ABA says Attorney-to-In-House Attorney Consultation should be Privileged

In a recently published amicus opinion, the ABA took a stand for its position that the attorney-client privilege should protect from disclosure communications between an attorney and her in-house counsel, even if the two attorneys are colleagues. In most scenarios, inter-office communications are discoverable. Privilege may not apply when attorneys consult amongst themselves. On the other end of the spectrum, consultation between client and outside counsel is usually protected from disclosure. However, the ABA’s recent amicus opinion focuses on the narrow situation when an attorney consults with a member of her firm’s designated in-house counsel. Read on for the ABA’s argument.
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Thou Shalt Timely Report All Claims

A recent decision before the Nevada Supreme Court highlights the importance of timely reporting all claims. The issue: is a carrier’s “constructive notice” of a potential claim sufficient to trigger coverage? Lesson: all professionals must have a firm grasp of the reporting requirements under their professional malpractice policy or risk denial of coverage. The Nevada Supreme Court’s decision in Physicians Insurance Co. v. Williams raises the all-important question: must all professionals, even pill-poppers and cocaine abusers, provide their insurance representative with timely notice of a claim? This decision also clarifies that the reporting requirement is not excused even if the insurer had independently learned of a potential claim.
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Why Avoiding the ‘Fiscal Cliff’ May Have Caused Increased Risks to CPAs

We avoided the fiscal cliff. That is old news and, for most Americans, it is also good news. But, the developing fallout and the impact of Congresses’ eleventh-hour solution has particular implications on accountants gearing up for tax season. On January 2, 2013 Congress enacted the American Taxpayer Relief Act of 2012; a fiscal cliff tax package whopper which effectively changed the rule-book. At a time of year when accountants across the country are typically saying "so long" to their families to prepare for the hibernation that is tax-season, this year’s crop of tax-preparers is stuck in its tracks waiting for the IRS to issue updated software. From a professional liability and risk management standpoint, this is troublesome.
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The Importance of Record Retention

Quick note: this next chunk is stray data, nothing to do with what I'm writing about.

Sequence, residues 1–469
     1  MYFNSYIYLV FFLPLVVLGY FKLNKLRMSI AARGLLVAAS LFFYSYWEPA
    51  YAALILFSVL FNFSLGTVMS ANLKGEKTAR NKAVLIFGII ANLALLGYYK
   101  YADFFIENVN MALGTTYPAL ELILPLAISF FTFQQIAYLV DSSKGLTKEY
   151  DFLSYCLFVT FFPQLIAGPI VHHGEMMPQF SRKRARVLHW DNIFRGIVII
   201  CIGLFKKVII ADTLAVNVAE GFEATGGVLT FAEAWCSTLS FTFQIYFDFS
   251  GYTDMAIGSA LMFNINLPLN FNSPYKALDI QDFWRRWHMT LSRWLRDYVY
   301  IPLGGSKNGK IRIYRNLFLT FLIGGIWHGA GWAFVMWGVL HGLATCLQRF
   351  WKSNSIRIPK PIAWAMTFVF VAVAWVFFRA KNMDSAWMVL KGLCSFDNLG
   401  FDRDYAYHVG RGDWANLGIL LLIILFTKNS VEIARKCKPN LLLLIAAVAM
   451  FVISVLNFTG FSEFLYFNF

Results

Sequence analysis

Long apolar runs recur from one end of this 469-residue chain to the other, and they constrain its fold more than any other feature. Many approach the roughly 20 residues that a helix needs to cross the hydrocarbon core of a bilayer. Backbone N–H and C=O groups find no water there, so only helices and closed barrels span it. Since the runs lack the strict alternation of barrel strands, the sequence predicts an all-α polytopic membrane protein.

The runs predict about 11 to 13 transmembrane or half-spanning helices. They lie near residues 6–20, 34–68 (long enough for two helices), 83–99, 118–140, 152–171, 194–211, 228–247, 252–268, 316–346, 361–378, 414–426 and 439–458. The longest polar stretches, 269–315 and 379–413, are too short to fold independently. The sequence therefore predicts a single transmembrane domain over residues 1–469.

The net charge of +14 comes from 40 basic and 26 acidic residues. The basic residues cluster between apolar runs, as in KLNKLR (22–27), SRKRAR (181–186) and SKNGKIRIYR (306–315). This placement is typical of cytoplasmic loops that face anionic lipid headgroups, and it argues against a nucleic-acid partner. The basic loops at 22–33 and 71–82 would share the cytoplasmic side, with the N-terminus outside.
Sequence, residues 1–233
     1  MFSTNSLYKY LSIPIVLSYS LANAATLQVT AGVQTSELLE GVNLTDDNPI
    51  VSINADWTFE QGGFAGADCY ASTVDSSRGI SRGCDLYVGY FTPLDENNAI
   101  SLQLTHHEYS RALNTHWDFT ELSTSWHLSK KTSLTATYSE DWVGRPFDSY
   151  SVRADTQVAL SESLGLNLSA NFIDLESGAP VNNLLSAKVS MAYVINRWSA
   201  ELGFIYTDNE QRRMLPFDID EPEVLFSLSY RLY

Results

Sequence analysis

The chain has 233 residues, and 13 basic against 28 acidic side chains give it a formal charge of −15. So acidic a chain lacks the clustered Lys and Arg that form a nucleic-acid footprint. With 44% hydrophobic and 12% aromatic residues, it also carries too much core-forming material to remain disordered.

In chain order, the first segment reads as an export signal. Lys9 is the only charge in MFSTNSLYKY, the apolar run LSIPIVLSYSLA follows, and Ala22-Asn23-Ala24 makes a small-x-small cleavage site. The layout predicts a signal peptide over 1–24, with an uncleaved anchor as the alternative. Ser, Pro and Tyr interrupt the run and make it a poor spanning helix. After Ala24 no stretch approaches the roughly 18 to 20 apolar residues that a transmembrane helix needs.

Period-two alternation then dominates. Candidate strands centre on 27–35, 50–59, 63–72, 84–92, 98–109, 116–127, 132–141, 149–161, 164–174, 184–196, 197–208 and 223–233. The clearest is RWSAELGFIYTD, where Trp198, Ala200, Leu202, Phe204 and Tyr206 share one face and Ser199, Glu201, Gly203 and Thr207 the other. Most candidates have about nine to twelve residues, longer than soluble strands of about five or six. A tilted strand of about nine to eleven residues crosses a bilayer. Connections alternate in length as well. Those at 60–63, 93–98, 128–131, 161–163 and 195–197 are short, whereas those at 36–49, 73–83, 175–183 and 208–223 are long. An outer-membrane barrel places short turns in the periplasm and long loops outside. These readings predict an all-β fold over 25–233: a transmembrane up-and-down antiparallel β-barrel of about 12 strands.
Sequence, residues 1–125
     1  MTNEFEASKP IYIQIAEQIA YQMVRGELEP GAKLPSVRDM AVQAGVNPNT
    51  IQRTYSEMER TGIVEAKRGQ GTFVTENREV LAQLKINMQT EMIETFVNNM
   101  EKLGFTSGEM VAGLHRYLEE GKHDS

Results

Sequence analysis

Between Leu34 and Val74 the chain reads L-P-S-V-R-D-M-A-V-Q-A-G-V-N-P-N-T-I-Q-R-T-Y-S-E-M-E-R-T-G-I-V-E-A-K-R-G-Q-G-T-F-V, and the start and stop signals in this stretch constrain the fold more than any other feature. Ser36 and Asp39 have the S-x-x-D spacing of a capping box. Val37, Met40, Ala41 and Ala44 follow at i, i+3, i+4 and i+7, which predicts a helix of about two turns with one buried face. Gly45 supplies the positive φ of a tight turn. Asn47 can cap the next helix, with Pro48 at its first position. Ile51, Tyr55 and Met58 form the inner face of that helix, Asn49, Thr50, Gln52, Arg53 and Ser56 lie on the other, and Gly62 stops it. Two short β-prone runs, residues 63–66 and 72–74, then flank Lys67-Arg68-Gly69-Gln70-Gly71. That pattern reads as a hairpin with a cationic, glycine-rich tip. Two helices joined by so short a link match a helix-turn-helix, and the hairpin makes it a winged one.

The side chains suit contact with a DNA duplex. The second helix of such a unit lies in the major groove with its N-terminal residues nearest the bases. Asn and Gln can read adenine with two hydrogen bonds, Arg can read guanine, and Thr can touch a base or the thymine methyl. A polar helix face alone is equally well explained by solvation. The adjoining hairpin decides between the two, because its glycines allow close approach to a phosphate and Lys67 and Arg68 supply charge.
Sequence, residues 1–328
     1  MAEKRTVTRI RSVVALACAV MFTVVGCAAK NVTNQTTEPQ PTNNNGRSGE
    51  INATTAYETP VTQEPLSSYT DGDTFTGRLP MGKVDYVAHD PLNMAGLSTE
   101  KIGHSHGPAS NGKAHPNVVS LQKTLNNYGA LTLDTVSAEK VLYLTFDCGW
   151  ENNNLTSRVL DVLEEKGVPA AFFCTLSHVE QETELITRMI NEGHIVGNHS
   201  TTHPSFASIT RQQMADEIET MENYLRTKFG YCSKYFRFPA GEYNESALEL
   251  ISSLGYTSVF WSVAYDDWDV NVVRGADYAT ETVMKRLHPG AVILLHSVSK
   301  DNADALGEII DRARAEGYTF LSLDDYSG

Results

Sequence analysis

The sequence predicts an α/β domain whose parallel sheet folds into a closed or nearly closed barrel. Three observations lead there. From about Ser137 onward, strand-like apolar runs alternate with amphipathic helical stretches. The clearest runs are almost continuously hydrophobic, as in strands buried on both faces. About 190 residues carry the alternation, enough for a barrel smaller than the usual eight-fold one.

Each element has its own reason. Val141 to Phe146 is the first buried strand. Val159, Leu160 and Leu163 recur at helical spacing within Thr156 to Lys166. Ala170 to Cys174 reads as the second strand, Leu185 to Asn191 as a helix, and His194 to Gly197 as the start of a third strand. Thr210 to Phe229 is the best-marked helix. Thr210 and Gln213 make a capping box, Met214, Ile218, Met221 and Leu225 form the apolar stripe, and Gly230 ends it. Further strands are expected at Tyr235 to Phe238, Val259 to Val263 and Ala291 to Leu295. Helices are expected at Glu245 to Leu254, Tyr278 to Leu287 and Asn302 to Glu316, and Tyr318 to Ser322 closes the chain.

All professionals must maintain and follow a clearly documented record retention policy. These policies are more stringent and regulated for some professions. Each of the 50 states maintain regulations governing work-paper ownership and record retention for accountants, for example. Attorneys, too, may be guided by fairly specific record retention policies pursuant to the applicable Rules of Professional Conduct governing lawyers state-by-state. Despite these regulations, all classes of professionals routinely face legal woes as a result of poor record retention compliance. This risk intensifies as a result of cyber risk and associated liability from electronically stored information.
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Attorney Suspended for Operating a Foreclosure Mill

In a recent consent agreement reached with the Florida Bar Association, Attorney Marshall C. Watson, was suspended for 91 days and agreed to shut down his legal practice for his role in operating a foreclosure mill. The issue: may an attorney be held personally responsible for his oversight of a large foreclosure mill? The lesson: even when an attorney’s work-product is not technically negligent, she may still be in violation of ethical rules and subject to strict discipline.
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Chinese Walls Are No Longer High Enough

The New Mexico Supreme Court recently entered a decision with ramifications regarding conflicts of interest in law firms. The issue: may a firm cure a clear conflict of interest by erecting a “Chinese wall.” The lesson: Chinese walls are not as strong as they used to be and some conflicts may only be cured through the disqualification of counsel, and maybe the entire law firm.
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Colorado Shooter’s Psychiatrist Sued for Medical Malpractice

The widow of a man killed in last year’s mass shooting in Aurora, Colorado has filed a lawsuit against the alleged gunman’s psychiatrist claiming she knew of his threats to harm others and failed to warn of the imminent danger. Issue: When is a psychiatrist obligated to warn the public of her client’s threats to the public? Lesson: Threats of imminent harm cannot be taken lightly and preventive measures should be taken despite the application of doctor-patient confidentiality.
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